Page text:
Crows love peanuts in the shell. I put them on my back deck, and crows, as well as bluejays, come and get them. I have an interesting video of a crow shelling a peanut in front of the camera on YouTube.

Anyways, last fall, this guy shows up one day, and I notice his beak has the part of the top half broken off. So I grab my camera and shoot this movie through the kitchen window.

When he goes to the steps, my angle of view is poor, and I can’t see what he’s doing. I think he managed to find a peanut out of the shell, and break it into pieces small enough to eat by trapping it in the corner where tread meets riser, and spearing at it with the bottom part of his beak. But he didn’t seem to get much out of that.

A crow’s beak is the closest thing they have to our opposable thumbs, and a crow missing part of its beak is in big trouble. He can’t pick up a peanut or anything else the way he normally would, having to try it sideways as I’ve seen other crows do when they’re trying to pick up something small.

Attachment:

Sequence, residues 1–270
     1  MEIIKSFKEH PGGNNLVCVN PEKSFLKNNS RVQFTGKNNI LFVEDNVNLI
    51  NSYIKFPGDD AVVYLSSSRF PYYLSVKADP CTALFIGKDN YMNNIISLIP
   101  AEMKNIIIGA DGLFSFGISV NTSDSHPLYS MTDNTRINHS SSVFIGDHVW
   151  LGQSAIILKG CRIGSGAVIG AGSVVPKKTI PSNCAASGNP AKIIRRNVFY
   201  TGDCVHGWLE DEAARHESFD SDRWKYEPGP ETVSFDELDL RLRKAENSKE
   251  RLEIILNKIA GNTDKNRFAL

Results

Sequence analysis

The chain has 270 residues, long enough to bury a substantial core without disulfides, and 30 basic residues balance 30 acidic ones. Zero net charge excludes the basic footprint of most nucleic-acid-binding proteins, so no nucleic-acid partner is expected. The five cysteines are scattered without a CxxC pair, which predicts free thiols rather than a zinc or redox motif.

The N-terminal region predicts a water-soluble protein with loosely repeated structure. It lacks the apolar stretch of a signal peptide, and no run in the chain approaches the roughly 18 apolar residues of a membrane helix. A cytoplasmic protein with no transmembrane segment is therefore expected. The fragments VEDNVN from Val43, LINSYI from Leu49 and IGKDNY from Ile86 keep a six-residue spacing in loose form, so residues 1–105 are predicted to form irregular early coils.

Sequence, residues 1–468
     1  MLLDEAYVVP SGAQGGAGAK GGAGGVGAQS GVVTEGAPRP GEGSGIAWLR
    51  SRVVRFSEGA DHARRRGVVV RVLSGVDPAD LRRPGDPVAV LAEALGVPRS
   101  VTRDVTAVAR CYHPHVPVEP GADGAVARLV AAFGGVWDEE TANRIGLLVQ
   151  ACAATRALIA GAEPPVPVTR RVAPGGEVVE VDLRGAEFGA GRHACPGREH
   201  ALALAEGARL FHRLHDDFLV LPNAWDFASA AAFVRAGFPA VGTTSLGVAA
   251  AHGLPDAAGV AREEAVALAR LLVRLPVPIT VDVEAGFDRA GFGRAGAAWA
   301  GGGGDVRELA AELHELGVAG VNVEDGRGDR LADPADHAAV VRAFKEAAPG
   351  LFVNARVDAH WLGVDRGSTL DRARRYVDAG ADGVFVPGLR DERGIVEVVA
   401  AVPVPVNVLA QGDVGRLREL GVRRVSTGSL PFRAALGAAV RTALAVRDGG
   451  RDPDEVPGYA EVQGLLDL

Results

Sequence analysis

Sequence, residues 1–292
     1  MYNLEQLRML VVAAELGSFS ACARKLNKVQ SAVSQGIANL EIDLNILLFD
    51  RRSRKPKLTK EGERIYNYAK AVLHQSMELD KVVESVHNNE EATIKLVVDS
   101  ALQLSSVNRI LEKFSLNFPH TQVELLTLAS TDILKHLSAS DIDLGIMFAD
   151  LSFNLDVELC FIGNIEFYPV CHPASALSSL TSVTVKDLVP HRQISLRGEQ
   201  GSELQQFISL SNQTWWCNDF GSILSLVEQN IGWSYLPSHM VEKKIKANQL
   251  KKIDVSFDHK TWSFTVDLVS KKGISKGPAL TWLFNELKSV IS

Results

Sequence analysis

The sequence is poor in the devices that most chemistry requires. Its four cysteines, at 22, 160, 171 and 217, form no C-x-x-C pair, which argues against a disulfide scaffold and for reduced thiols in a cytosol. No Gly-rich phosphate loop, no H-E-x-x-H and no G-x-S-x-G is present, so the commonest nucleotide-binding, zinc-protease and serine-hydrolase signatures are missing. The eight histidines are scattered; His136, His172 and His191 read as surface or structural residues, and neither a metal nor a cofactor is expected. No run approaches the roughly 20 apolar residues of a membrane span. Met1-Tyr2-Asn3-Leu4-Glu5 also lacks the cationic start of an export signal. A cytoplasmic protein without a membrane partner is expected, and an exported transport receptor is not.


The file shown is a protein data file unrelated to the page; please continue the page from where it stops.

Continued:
The top part of a crow’s beak has a downward curve – a hook, which allows them to tear food off or away from whatever it’s attached to, be it the bones of a mouse, or a Mary Brown’s chicken box. Missing a lot of the top part of this crow’s beak is a real handicap.

And, let’s not forget, beaks are not just for feeding, they’re for fighting too.

I only saw this fella once. He never came back. I don’t think he (or she) lasted long. I felt sorry for the poor thing, and wondered how it came to be injured in this way.

Nature is unforgiving.